If we set our hearts to answer but one very famous question, I am certain that all these questions and doubts will vanish from the horizon, and you will look unto their place to find them gone.
This indignant question is a question that the whole world asks, namely, “What is the meaning of my life?” In other words, these numbered years of our life that cost us so heavily, and the numerous pains and torments that we suffer for them, to complete them to the fullest, who is it who enjoys them? Or even more precisely, whom do I delight?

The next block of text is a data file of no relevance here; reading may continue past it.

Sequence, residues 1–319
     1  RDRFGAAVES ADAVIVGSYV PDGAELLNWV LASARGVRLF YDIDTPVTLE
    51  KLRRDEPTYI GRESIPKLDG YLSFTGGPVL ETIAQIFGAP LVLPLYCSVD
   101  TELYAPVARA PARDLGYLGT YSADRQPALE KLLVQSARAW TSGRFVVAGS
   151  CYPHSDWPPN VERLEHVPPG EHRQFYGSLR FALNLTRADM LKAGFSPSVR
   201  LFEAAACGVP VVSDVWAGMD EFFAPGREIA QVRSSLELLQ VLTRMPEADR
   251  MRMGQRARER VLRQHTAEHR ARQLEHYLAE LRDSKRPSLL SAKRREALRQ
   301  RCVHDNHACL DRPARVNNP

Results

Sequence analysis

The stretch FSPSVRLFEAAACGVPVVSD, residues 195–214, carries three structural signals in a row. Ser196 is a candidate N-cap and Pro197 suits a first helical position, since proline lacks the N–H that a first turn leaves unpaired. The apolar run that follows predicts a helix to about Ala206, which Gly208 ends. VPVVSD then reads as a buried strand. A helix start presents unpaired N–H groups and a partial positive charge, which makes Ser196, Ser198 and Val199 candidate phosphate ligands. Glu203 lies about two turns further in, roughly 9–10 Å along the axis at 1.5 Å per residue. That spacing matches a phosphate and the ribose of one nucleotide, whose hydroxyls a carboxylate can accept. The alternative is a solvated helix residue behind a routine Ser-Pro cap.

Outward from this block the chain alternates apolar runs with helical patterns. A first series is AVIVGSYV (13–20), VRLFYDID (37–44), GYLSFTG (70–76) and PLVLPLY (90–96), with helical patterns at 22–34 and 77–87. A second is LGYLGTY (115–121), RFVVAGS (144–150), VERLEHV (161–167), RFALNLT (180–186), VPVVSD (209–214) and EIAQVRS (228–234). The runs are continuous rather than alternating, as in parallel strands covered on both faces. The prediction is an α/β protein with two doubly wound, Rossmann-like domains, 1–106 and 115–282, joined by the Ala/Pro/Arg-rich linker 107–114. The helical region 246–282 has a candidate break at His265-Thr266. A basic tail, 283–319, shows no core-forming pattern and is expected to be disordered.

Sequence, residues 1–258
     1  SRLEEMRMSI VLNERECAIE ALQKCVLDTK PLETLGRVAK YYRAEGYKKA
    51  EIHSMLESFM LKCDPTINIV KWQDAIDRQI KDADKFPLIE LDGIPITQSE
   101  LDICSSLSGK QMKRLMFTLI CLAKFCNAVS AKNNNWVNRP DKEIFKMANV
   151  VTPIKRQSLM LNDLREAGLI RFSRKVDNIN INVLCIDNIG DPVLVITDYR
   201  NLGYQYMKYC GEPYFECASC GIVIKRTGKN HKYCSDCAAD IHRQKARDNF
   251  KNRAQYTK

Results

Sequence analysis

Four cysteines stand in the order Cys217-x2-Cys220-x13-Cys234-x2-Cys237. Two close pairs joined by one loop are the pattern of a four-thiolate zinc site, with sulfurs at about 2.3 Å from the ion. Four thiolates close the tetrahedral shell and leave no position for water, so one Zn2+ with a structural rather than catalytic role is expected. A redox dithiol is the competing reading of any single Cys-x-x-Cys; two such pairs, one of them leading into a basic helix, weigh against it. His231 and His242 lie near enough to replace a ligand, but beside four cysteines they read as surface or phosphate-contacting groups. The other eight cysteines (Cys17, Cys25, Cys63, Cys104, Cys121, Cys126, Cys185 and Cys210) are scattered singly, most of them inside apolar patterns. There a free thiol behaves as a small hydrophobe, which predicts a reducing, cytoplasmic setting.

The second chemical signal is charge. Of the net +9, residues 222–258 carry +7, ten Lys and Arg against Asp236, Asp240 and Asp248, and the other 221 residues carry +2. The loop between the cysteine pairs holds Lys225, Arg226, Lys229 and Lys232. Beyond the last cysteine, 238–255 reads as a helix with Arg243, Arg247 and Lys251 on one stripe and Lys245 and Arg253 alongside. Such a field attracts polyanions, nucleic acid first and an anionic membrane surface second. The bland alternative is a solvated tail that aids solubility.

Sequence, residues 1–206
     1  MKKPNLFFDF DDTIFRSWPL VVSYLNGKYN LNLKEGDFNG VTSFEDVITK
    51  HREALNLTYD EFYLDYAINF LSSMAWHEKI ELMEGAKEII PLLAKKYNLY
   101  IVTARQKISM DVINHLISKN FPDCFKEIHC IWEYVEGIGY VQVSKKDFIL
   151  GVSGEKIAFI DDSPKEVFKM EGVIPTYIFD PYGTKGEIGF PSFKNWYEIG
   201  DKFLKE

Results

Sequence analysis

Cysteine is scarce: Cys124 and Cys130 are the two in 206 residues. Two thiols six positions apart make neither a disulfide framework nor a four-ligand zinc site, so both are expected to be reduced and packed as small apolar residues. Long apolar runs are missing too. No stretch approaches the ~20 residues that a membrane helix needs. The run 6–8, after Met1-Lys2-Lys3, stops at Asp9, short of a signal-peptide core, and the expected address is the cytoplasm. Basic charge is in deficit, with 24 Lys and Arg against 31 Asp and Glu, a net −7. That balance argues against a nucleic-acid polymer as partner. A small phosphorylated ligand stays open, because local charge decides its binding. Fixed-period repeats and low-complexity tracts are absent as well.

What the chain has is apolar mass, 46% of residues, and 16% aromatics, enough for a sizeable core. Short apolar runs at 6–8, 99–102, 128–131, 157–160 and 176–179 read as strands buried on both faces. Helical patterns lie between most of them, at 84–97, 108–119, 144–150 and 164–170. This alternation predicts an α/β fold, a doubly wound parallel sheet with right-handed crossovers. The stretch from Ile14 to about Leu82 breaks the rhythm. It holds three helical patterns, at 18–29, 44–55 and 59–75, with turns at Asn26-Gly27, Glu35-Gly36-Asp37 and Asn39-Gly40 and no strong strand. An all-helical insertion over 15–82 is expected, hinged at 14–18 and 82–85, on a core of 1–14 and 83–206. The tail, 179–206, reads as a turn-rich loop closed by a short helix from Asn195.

It is indeed true that historians have grown weary contemplating it, and particularly in our generation. No one even wishes to consider it. Yet the question stands as bitterly and as vehemently as ever. Sometimes it meets us uninvited, pecks at our minds and humiliates us to the ground before we find the famous ploy of flowing mindlessly in the currents of life as always.
Indeed, it is to resolve this great riddle that the verse writes, “Taste and see that the Lord is good.”
“Introduction to The Study of the Ten Sefirot”